For the best part of a decade, CHRISTIAN WOLMAR has been repeatedly asking ‘what is the purpose of franchising?’ Now, thanks to the indomitable Gwyneth Dunwoody MP, he may be about to receive an answer.
The Wolmar Question, ‘what is a franchise for?’, may be about to get an answer. For several years, I have asked why the Department for Transport thinks it is a good idea to franchise out the railway and, more specifi cally, why the particular model of franchising is used. There has never been a satisfactory answer, with ministers parroting the notion that the privatisation of the railways was botched but never explaining what that meant nor the role franchising played in the ‘botching’.
Now Gwyneth Dunwoody, the redoubtable chairman of the Commons Transport Committee, is unleashing the full force of her troops to look at the issue of franchising and, refreshingly, the fi rst question posed in the call for contributions is “what is the purpose of franchising?”. Richard Bowker, when he was at the Strategic Rail Authority, used to give the disingenuous answer that franchising was a contract between government and the private sector for the provision of a specifi ed number of services for a given sum of money (which, of course, these days is more often a negative amount given the Treasury’s anxiety to reduce the amount of subsidy going into the railways). It will be interesting to see if the great man’s view changes now in his new role as chief executive of National Express, provided the company has any franchises left when he gets there.
Bowker’s answer does not address the policy of franchising. What is so great about it? Even that perennial optimist, George Muir of the Association of Train Operating Companies, does not sound entirely convinced. In a recent pamphlet, The Railway in Britain: on the right lines, he wrote: “The original franchises allowed train operators considerable freedom… now the new agreements specify in more detail what train operators will deliver… This greater specifi cation will work so long as it allows train operators enough management freedom to make the efficiency savings which government wants to see…’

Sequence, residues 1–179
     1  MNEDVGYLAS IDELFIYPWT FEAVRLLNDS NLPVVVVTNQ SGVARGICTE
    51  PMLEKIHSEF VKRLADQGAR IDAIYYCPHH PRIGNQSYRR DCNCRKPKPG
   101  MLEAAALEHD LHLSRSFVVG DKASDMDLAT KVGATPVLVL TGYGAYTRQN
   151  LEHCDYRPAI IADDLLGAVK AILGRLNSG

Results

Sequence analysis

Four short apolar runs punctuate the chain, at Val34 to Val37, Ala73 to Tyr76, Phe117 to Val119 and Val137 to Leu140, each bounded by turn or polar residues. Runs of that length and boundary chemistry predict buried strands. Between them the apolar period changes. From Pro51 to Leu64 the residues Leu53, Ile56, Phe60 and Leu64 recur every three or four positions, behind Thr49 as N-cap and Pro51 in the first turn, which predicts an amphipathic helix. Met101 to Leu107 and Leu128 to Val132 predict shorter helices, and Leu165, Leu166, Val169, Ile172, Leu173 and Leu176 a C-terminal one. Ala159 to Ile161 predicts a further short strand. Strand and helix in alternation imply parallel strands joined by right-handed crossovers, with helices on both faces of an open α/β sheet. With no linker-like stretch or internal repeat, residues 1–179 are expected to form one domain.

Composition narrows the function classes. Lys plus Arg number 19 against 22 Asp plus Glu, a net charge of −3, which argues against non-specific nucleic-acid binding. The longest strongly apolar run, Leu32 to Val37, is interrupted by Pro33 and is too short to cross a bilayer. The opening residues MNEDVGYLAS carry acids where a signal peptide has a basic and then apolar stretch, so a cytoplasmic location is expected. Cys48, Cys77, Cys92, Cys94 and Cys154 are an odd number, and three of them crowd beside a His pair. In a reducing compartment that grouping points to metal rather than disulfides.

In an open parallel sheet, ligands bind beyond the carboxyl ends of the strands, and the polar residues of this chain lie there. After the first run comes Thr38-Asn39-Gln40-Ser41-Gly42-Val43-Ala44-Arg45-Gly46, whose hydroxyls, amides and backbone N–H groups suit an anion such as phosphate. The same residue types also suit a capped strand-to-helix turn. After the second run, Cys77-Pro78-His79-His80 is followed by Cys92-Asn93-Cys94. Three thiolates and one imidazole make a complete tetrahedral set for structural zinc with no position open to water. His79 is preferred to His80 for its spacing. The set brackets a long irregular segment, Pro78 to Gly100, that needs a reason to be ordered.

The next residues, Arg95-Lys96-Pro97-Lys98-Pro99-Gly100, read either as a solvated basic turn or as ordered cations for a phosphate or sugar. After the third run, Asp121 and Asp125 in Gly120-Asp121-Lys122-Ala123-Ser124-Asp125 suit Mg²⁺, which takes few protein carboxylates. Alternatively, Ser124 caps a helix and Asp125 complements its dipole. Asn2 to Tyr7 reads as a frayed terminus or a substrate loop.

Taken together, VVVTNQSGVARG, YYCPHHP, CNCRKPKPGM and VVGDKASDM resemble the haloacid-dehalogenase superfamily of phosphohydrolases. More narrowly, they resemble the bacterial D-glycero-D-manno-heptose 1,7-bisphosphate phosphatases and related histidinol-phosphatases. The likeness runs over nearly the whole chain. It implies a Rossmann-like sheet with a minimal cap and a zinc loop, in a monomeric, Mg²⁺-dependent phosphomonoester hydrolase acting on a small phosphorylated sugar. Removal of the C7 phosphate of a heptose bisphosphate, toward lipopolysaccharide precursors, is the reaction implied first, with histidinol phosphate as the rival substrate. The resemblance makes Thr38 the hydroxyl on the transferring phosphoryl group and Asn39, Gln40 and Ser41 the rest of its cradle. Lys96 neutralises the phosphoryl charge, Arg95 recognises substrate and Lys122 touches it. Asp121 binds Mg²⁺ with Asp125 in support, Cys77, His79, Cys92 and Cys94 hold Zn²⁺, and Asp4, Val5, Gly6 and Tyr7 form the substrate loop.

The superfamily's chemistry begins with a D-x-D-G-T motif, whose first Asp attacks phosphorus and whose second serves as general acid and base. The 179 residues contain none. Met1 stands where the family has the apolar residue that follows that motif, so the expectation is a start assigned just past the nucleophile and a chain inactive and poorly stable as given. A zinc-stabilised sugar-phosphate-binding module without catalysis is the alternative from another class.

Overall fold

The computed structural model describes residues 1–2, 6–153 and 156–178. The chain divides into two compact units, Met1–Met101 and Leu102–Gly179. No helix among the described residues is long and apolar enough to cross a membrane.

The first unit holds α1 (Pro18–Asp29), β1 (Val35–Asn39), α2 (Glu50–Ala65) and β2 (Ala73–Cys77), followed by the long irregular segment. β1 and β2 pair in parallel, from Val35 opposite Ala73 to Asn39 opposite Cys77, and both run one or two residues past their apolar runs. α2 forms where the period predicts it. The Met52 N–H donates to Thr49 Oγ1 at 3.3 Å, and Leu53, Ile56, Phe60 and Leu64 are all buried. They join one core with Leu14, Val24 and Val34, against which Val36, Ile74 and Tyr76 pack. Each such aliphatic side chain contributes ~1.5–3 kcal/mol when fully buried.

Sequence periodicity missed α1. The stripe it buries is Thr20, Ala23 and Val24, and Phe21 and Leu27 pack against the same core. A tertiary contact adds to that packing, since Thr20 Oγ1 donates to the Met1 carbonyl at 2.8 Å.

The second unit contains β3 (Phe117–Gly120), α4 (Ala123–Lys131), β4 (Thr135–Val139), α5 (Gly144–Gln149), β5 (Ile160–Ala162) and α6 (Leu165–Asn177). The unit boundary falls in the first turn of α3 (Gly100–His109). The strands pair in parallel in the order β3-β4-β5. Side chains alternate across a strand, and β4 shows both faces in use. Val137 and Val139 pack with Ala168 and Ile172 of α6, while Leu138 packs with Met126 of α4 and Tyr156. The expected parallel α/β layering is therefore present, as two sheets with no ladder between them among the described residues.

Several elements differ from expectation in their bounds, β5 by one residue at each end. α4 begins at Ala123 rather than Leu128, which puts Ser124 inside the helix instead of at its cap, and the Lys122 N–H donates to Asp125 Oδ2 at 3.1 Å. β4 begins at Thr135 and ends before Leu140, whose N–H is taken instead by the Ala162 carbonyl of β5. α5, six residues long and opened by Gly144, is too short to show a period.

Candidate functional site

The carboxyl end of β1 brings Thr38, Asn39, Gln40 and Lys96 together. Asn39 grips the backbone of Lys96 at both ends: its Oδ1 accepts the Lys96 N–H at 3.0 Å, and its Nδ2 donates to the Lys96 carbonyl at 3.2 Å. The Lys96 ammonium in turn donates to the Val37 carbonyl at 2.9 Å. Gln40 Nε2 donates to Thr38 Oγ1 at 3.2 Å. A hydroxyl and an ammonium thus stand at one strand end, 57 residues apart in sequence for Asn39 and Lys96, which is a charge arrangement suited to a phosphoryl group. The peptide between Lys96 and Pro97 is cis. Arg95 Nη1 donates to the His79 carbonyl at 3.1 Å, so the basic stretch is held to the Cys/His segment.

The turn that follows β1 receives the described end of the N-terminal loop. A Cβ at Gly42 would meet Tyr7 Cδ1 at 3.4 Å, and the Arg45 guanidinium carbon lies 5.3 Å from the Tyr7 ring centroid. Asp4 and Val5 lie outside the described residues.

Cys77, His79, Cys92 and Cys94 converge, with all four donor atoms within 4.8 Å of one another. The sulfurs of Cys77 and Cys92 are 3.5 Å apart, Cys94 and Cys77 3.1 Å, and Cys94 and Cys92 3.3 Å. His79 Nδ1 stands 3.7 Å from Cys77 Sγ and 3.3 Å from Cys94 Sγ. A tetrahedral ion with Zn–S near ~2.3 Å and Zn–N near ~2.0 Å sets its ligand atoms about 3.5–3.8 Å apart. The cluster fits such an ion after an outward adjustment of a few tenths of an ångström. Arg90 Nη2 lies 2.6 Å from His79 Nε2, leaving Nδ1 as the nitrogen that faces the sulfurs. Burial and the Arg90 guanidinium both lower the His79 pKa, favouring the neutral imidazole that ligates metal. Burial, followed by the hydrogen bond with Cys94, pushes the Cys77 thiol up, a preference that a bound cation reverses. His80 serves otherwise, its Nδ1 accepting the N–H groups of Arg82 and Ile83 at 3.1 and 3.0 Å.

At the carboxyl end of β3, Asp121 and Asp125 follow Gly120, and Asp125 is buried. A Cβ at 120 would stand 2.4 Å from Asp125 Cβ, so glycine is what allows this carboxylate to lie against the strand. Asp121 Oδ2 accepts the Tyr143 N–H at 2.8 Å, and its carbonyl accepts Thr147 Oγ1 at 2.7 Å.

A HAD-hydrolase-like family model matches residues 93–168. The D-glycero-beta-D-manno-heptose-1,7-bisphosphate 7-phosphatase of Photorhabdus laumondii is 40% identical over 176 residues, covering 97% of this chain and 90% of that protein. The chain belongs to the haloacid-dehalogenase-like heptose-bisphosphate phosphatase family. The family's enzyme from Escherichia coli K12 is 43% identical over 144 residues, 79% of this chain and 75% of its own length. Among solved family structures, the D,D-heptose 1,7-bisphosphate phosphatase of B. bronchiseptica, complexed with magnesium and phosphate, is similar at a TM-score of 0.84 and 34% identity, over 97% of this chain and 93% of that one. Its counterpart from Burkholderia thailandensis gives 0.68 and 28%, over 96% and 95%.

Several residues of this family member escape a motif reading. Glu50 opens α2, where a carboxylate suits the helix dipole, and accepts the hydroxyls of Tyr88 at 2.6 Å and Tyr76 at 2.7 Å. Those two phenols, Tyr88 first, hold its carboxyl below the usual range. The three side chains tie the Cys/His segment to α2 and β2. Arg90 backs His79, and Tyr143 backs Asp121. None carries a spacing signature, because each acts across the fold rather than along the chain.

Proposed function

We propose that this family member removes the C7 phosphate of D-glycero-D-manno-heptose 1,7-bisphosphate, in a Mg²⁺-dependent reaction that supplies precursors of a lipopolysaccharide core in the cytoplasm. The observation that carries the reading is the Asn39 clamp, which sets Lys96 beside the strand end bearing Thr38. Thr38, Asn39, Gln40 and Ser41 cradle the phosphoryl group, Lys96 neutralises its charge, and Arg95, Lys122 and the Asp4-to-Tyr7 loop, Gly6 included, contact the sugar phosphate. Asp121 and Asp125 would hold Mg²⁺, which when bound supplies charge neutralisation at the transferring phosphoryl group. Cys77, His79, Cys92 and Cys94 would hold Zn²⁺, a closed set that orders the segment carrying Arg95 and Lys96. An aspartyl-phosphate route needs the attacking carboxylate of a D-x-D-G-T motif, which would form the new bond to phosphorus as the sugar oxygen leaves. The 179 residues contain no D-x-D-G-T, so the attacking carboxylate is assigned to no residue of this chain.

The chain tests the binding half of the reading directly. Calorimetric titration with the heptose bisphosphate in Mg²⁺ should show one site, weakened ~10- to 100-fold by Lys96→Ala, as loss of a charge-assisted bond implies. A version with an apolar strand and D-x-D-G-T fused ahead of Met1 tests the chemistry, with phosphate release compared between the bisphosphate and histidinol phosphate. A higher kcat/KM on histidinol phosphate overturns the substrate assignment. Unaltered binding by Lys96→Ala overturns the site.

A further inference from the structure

Not exactly a ringing endorsement. So let’s wrack our brains to consider all the possible purposes of franchising. They are: value for money, risk transfer, private investment, management expertise, competition, diversity, innovation, getting government out of the railways, industrial relations and getting pictures of Richard Branson leaning against the front of shiny new trains. We can dispense with some straight away. Virgin Trains continues to claim in its press releases that the company has invested more than £1 billion in the provision of new trains. That is simply not true and I am surprised that the rolling stock companies do not get more exercised about it as it is they, not Virgin, who invest in new trains. This will be made apparent should Virgin lose the CrossCountry franchise when the new Voyagers will simply transfer over to the new operator.
Sure, on the margins the train operating companies do invest in, say, refurbishing rolling stock or tarting up the odd station, but these are outputs that are factored into the price of a franchise at the time of the bidding process and are simply bought by the government. If they were not specifi ed, the operator would simply pay more premium or receive less subsidy. The train operators are asset-free organisations and have nothing to invest in.
OK, then what about innovation? Well, if you had 20-year investment-led franchises as Alistair Morton attempted to introduce when he was head of the SRA, there would be plenty of scope for innovation. But operators tell me that today’s highly prescriptive franchises leave very little room for the train companies to introduce new ways of doing things. Indeed, one recently told me that “the Department for Transport is far more involved in running the railway than it ever was in the days of BR”.